I will like to know what I am integrating. There are also seems to be a symbol for density. Please explain how that is relevant to this problem.
    I think you may only need a single integral.

    \displaystyle\bar{y}=\frac{\int_a^b y(f(y)-g(y))dy}{\int_a^b(f(y)-g(y))dy}

    You need to define the isosceles triangle by an equation.

    x = 2

    Represent the triangle by an absolute value function then subtract 2 from it and integrate from a to b.

    I defined the functions in y due to the orientation.
    Last edited by dwsmith; January 22nd 2011 at 07:30 PM.
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    Quote Originally Posted by dwsmith View Post
    I think you may only need a single integral.

    \displaystyle\bar{y}=\frac{\int_a^b y(f(y)-g(y))dy}{\int_a^b(f(y)-g(y))dy}

    You need to define the isosceles triangle by an equation.

    x = 2

    Represent the triangle by an absolute value function then subtract 2 from it and integrate from a to b.

    I defined the functions in y due to the orientation.
    Okay. So, y= x-2. Will the co-ordinates define my limits?
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    Quote Originally Posted by gbenguse78 View Post
    Okay. So, y= x-2. Will the co-ordinates define my limits?
    x = 2 is g(y)

    You need to model f(y).
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    There are two ways to go about this question gbenguse78.

    dwsmith has given you the first method. skeeter has given you the second.

    The question tells you that the triangle has uniform mass. So set the density function to unity in the integrals. In this case you could use skeeters method to get the answer quickly.

    The two methods should complement each other.

    Also, notice the "y" variable in the top integral? using that method will give you the y coordinate of the centre of mass. If you instead use the "x" variable, it will give you the x coordinate of the centre of mass.

    You can set the y limits in your integral to (the equation of the bottom diagonal line in skeeters drawing) to (the eqn of the top diagonal line) in terms of x.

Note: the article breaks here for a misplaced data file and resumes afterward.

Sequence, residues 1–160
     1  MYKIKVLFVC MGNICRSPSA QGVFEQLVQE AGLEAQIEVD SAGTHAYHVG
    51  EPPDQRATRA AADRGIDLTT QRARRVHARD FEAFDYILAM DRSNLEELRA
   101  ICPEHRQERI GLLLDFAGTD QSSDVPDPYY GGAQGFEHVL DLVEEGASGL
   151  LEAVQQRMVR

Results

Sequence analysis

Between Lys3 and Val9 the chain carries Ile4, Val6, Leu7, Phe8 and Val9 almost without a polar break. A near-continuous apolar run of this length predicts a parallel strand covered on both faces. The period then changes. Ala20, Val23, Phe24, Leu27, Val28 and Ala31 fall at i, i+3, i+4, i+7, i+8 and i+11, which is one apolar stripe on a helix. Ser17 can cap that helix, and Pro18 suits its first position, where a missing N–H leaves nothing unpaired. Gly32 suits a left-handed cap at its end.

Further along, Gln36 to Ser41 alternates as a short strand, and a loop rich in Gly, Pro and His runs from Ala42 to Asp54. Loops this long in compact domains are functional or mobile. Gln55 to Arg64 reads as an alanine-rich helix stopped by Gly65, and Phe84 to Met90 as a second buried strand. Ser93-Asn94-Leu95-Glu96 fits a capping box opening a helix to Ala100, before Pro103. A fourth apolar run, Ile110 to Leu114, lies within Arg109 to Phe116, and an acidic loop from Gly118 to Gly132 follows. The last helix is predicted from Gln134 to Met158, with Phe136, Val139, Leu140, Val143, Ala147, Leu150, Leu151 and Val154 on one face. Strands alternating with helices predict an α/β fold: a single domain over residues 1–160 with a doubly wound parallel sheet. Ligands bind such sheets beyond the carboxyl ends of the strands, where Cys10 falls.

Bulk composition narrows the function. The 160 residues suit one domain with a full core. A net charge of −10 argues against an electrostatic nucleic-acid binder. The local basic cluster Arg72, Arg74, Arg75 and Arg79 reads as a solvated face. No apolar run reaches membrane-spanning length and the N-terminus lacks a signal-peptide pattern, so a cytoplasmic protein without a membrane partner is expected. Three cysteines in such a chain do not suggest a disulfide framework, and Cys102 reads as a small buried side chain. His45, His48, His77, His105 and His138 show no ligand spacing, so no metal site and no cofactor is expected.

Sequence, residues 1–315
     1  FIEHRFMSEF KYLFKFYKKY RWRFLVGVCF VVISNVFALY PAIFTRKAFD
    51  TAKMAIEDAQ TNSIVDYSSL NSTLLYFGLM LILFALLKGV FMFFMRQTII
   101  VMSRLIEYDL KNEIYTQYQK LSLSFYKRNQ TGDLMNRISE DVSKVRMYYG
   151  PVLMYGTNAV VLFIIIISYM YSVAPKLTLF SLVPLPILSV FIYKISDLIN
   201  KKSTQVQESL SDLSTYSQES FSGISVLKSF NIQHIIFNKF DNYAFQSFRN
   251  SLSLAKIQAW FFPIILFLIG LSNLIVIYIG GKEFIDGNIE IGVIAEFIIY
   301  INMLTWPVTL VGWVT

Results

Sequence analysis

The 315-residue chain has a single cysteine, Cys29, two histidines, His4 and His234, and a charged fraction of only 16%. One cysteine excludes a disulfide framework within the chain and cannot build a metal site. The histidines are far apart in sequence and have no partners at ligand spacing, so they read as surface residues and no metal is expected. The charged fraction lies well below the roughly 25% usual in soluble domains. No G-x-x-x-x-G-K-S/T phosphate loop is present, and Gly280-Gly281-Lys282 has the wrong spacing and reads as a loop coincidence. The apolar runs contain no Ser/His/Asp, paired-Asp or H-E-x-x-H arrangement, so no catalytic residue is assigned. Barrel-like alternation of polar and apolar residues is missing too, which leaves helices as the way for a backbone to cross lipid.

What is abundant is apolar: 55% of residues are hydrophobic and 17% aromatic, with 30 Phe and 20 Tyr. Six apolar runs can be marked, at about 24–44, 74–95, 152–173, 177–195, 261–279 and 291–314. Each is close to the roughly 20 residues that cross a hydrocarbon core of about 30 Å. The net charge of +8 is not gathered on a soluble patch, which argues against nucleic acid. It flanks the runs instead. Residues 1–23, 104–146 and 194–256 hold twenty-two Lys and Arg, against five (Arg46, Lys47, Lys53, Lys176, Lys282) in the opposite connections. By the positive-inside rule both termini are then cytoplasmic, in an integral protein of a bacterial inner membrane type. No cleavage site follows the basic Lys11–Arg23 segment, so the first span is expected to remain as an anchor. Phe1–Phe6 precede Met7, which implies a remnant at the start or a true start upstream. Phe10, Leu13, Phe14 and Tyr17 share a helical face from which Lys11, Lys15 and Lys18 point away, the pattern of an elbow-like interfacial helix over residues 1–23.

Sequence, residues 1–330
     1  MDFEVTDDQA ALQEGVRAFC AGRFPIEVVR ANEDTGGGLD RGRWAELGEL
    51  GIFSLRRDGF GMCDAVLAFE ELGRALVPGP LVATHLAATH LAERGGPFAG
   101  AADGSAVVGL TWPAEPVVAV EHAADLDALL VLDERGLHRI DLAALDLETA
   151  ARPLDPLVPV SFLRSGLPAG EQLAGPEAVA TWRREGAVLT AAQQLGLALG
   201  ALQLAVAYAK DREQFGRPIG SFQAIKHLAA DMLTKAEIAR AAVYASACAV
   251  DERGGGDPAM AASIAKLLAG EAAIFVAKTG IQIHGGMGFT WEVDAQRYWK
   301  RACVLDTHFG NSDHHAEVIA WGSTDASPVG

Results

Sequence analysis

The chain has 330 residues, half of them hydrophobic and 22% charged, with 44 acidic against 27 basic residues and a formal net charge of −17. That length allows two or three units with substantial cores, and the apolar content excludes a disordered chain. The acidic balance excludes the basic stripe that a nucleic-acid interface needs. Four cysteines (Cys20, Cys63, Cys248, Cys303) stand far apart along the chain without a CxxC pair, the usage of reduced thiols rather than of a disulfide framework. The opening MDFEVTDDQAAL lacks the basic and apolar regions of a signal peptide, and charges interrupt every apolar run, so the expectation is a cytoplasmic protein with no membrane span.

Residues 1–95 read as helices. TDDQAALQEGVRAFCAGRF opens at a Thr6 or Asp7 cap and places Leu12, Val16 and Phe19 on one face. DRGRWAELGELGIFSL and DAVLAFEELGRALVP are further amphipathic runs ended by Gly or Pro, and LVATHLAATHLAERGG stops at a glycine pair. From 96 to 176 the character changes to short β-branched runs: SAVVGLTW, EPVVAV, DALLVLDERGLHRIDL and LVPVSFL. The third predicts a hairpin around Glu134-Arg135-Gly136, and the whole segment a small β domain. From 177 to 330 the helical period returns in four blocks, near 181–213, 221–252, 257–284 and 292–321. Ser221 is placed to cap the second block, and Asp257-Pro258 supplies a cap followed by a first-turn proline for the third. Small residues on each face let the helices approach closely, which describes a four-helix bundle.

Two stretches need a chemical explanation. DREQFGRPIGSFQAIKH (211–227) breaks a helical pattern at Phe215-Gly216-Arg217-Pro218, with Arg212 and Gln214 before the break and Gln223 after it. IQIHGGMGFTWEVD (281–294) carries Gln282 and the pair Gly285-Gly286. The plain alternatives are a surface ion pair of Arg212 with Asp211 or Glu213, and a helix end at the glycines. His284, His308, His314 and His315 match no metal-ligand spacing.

i.e. y = \frac{1}{5}x + ... etc...

    then set the x limits to -13 to 2 and integrate.

    Also the denominator in dwsmiths equation is just the area of the triangle, so you don't even need to use integration for that when dealing with a triangle
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    There is no itegration required here. Have you not noticed that skeeter gave the answer? Since the density is uniform, you are really looking for the "centroid". And the centroid of a triangle has coordinates that are the arithmetic average of coordinates of the vertices. Since the axis of symmetry is 4, one vertex is at (x, 4) for some x. The two other vertices are symmetrically placec around that line of symmetry so, since one is given as (2, 1), 3 units below the axis of symmetry, the other is at (2, 4+ 3)= (2, 7).

    Of course, (4+ 1+ 7)/3= 4. All you need to do is solve (2+ 2+ x)/3= -3 for x to find the third point.

    gbenguse78, the density "function" appears in the integrals for moment and area (the numerator and denominator). Since, in this problem, it is a constant, it can be taken out of each integral and will cancel. You can just ignore it.